There have been plenty of controversial films that were banned in several countries. However, only a few movies have caused international incidents or resulted in real-life violence. These banned movies that caused worldwide problems.
Where’s the line between art and glorified violence? What one spectator clearly sees as a movie satirizing violent culture may trigger complete outrage in another viewer. One film on this list sparked so many violent copycat crimes that the director himself banned his own movie in his home country while another film on this list was considered so obscene by a court in Italy that its director was prosecuted and his civil right of voting was revoked for five years. Interestingly, both of those films were nominated for multiple Academy Awards.
Many of these films that caused problems are still banned around the world. You won’t see The Interview anytime soon in North Korea. In fact, Kim Jong-un was so outraged by the comedy that it (allegedly) resulted in the notorious Sony hack. Read all about that controversial movie and more in the list below.
Who would have thought that a goofy comedy starring Seth Rogen and James Franco as celebrity journalists who are recruited by the CIA to assassinate North Korean leader Kim Jong-un could cause such an uproar? On November 24, 2014, a hacker group called the "Guardians of the Peace (GOP)" successfully hacked Sony Pictures and publicly released personal information about the company's employees, personal emails, and copies of not-yet-released Sony films.
The hacker group demanded Sony not release The Interview and even threatened terrorist attacks at movie theaters that did screen the comedy. The government of North Korea quickly emerged as the prime suspect behind the hack and even called The Interview an "act of war" and threatened "merciless retaliation." Surprisingly, the North Koreans' threats worked. Sony decided to cancel the film's big premiere and wide release, however, it did release the film digitally. It also had a limited theatrical run.
Also Rankedsee more on The Interview
Richard Attenborough's 1987 biopic chronicles the friendship between white South African journalist Donald Woods (Kevin Kline) and black activist Steve Biko (Denzel Washington) during apartheid-era South Africa. In the film, Woods is forced out of the country because of his investigation into Biko's death while he was in police custody. Cry Freedom was initially approved by government censors, however, authorities banned the Academy Award-nominated film hours after its premiere because they felt it served as a threat to public safety.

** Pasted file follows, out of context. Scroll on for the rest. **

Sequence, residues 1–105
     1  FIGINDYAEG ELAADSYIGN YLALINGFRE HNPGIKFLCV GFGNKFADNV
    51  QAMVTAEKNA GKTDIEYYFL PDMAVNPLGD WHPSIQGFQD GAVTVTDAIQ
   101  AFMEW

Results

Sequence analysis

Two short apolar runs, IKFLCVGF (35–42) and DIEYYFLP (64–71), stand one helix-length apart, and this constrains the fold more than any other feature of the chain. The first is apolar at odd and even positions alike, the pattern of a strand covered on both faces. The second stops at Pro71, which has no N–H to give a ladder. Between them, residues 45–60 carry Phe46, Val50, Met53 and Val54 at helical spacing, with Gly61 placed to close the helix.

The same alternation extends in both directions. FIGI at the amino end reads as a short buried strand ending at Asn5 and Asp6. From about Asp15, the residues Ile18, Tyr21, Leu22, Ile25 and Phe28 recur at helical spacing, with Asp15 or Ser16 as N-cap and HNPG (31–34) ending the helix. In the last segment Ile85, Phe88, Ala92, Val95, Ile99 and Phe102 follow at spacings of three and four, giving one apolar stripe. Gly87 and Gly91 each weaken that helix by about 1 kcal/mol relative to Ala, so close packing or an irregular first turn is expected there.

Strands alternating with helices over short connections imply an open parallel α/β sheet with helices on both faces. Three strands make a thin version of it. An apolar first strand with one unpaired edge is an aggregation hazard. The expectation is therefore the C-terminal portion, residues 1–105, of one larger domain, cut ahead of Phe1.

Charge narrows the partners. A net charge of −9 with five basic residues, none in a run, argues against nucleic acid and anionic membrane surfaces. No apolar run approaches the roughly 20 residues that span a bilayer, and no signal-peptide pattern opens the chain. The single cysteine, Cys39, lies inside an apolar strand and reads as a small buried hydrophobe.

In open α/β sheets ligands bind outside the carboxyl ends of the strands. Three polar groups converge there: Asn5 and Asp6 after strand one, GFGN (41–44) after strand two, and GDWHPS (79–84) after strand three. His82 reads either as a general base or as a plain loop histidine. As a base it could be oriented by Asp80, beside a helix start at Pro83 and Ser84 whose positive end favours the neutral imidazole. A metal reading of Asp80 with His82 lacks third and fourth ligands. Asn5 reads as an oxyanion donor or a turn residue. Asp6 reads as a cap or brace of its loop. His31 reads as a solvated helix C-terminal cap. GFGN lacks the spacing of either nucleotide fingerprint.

The Minister of Justice, Hendrick J. Coetsee, stated that Cry Freedom violated the law against quoting banned persons (Woods is banned in South Africa). The film's premiere caused a slew of explosions and bomb threats at several South African movie theaters, including a gasoline bomb in Port Elizabeth.
The announcement that the movie had been pulled by the government caused public outrage. The South African Council of Churches said of the white minority-led government that they were trying to hide "its shameful history from its people (without) learning from that history that peace and justice must in the end triumph."
#96 on The Best Movies of 1987see more on Cry Freedom
Martin Scorsese's 1988 Academy Award-nominated film depicts a more human side to Jesus Christ. It was widely condemned by religious protesters internationally and banned in several countries throughout the world. It was so controversial that Blockbuster initially refused to carry the film.
A group of activists in Paris firebombed a viewing of the movie, injuring 13 people. Several other cities in France also had violent incidents during screenings of the movie, including releasing tear gas and setting off stink bombs inside movie theaters. A representative from Universal International Pictures said of the acts, "They have massacred the film's success, and they have scared the public." Meanwhile, a leader of one Roman Catholic group intent on stopping the film from being screened stated, "We will not hesitate to go to prison if it is necessary."
#30 on The Best Movies of 1988see more on The Last Temptation of Christ
Oliver Stone's 1994 satirical crime movie was named the eighth most controversial film of all time by Entertainment Weekly. The over-the-top violent movie about two homicidal lovers on the run has been linked to at least 12 copycat murders in the United States and abroad.
One 2006 crime in Alberta, Canada was especially gruesome. Jeremy Allan Steinke (who was 23 years old) and his 12-year-old girlfriend, who became Canada's youngest convicted killer, murdered her parents and her 8-year-old brother. All three victims were stabbed to death. Hours before committing the murders, Steinke allegedly watched Natural Born Killers and said to his friends that he and his girlfriend should go about their plans to kill her family in a similar manner. Additionally, Steinke said to an undercover officer, "You ever watch the movie Natural Born Killers?... I think that's the best love story of all time..."
The film caused controversy worldwide. The UK publication The Daily Mail called the film "evil" and said, "If ever a film deserved to be banned, this is it." Oliver Stone and Time Warner were even sued by one victim's family for "distributing a film they knew, or should have known would cause and inspire people to commit crimes." The lawsuit was thrown out in 2001.
#19 on The Best Movies of 1994see more on Natural Born Killers